A decision support system for assessing the barriers and policies for wind energy deployment

Abstract Addressing Africa’s energy infrastructure gap, including generation, distribution, and transmission, demands substantial investment, with a portion allocated to renewable energy technologies like wind energy. The significant scale-up of wind energy can yield substantial socioeconomic benefits for countries. However, there…

American Thoracic Society Receives $400,000 from A. Sonia Buist – Highest Lifetime Donor in ATS History

A. Sonia Buist, MD, a past president of the American Thoracic Society and an advocate for global public health policy and respiratory health, has donated $400,000 to the Society, making her the ATS’s highest lifetime donor in its history. Her gift will support the ATS/MECOR Women’s Leadership Program, a new visionary program to enhance leadership capabilities in African women.

Colorectal Cancer Patients in Sub-Saharan Africa Receiving Inadequate Care; Survival After Diagnosis Poor, New Study Shows

In new findings led by researchers at the American Cancer Society, Martin-Luther University in Germany, and many other institutes worldwide, fewer than one in 20 patients diagnosed with potentially curable colorectal cancer received standard of care in Sub-Saharan Africa.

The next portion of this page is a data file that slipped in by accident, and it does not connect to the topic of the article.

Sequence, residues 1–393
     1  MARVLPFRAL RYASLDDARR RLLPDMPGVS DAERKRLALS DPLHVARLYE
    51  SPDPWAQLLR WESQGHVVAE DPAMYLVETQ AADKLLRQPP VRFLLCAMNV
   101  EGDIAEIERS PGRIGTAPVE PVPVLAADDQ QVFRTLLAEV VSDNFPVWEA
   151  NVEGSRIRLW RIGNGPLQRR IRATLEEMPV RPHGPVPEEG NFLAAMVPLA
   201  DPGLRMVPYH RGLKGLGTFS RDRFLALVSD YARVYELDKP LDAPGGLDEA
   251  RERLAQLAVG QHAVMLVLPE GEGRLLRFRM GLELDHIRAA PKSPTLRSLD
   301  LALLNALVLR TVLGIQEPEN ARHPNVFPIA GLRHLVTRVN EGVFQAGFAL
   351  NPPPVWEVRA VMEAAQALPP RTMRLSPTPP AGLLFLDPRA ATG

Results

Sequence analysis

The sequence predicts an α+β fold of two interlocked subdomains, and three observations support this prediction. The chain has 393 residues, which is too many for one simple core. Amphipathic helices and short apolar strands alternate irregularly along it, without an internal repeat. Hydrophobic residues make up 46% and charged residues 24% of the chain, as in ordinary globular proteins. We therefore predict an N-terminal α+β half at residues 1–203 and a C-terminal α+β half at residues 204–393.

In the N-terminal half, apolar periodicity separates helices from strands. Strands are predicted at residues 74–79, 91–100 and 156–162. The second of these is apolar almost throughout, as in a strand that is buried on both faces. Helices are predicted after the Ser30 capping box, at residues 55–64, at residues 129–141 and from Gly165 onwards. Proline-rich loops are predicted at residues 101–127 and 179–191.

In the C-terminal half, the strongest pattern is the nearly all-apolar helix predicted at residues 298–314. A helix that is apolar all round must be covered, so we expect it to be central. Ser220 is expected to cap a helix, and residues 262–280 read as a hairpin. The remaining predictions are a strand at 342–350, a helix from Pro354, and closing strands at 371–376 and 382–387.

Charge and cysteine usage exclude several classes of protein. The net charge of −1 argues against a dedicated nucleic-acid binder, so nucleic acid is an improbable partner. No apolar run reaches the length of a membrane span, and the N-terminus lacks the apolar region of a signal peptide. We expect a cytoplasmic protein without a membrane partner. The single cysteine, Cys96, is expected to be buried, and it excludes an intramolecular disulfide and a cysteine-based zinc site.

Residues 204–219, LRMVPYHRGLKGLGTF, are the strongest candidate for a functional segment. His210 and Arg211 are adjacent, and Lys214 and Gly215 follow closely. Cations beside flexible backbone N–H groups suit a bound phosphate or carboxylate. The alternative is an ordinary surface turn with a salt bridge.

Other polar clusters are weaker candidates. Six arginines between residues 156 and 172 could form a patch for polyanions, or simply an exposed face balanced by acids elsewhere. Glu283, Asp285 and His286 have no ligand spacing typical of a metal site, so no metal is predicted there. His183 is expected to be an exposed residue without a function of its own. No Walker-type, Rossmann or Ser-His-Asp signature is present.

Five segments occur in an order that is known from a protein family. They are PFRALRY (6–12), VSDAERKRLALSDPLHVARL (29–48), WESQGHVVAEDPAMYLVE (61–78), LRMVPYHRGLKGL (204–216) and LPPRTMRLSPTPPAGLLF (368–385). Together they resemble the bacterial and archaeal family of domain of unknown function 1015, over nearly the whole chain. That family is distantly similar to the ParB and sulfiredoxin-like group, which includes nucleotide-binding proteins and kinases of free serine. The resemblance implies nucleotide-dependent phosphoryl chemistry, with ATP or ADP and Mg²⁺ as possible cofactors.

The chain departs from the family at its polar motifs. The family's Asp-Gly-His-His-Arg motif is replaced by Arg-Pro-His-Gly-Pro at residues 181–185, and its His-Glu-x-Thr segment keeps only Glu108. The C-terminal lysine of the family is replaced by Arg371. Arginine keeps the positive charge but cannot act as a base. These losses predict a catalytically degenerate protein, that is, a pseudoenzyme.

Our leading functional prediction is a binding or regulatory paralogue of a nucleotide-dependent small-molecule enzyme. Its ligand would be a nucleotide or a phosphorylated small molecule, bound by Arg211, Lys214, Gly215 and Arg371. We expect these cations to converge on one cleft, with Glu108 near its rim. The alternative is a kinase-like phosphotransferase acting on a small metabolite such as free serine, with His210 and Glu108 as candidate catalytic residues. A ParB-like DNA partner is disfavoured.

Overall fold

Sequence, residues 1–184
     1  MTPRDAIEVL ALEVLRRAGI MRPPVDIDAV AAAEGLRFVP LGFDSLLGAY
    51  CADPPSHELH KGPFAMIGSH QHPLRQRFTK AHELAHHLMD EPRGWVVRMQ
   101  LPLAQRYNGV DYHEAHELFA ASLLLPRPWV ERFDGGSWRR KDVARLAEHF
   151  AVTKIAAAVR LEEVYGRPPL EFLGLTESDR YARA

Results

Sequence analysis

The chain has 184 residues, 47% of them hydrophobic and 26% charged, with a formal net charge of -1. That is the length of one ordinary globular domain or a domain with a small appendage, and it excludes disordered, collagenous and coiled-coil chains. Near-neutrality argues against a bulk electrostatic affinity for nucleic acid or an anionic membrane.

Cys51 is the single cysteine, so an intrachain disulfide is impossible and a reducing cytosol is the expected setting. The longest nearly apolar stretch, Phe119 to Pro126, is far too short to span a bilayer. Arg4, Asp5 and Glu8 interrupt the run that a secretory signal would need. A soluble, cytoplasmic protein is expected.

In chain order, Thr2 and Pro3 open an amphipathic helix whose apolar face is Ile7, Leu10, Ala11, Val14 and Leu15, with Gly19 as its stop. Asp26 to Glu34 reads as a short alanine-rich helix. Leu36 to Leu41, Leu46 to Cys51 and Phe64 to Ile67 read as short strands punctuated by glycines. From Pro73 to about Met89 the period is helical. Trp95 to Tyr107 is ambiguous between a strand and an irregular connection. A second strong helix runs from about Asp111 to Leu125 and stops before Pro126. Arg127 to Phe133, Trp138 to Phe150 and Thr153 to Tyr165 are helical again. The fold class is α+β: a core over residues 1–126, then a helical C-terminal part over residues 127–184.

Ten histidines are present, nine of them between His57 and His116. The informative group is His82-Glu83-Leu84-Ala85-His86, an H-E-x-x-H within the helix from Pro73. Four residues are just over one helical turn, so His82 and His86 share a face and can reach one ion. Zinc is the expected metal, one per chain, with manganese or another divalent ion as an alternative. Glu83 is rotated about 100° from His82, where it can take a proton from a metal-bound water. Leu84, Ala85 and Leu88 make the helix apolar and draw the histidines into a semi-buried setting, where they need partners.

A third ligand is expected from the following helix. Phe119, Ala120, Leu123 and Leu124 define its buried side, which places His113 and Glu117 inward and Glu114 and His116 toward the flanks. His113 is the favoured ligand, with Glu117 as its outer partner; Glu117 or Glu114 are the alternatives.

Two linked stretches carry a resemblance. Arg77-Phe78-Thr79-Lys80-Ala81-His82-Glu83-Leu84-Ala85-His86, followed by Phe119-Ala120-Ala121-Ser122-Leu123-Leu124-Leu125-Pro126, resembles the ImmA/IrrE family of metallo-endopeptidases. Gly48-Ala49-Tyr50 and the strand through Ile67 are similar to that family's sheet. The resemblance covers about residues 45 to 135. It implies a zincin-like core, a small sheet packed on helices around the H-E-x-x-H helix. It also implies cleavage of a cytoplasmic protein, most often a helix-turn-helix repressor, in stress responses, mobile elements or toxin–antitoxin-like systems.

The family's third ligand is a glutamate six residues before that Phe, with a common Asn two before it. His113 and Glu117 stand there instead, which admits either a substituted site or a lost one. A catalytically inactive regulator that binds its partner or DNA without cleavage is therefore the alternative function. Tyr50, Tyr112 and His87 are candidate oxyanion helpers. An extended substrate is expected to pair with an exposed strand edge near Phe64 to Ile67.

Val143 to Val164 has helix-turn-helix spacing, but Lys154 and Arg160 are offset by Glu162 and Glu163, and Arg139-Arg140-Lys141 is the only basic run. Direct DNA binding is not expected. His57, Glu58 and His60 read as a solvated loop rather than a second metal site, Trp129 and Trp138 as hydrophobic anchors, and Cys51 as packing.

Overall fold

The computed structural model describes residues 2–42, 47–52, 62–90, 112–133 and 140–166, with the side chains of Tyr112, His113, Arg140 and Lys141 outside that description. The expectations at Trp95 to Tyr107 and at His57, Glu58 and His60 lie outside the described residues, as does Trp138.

Africa’s plans for improving epilepsy care: Action Amos

ILAE spoke with Action Amos about plans and strategies for improving epilepsy care across Africa. Leveraged by the Intersectoral Global Action Plan on epilepsy and other neurological disorders (IGAP), four “trendsetter” countries are taking a variety of approaches to engage governments and ensure the participation of people with epilepsy in all of their initiatives.

Stellenbosch University selects Symplectic Elements to support and streamline research outputs submissions to the DHET

Digital Science is pleased to announce that Stellenbosch University (SU) has selected Symplectic Elements from Digital Science’s flagship products to support its goal of advancing knowledge in service of society.

Empowering people with epilepsy to lead the way in reducing stigma

Stigma affects all aspects of epilepsy care. It affects the lives of people with epilepsy when they are not given equal access to education, employment, and social opportunities. In a US study, one-third of respondents identified stigma—not seizures—as the most difficult part of living with epilepsy.

Moffitt Cancer Center Joins Weill Cornell Medicine and University of North Carolina to Improve HIV-Related Cancer Care Abroad

Moffitt Cancer Center, Weill Cornell Medicine and the University of North Carolina School of Medicine have received a $3.5 million, five-year grant from the National Cancer Institute (NCI) to improve screening and preventative treatment of cervical cancer for women living with HIV in low-resource countries.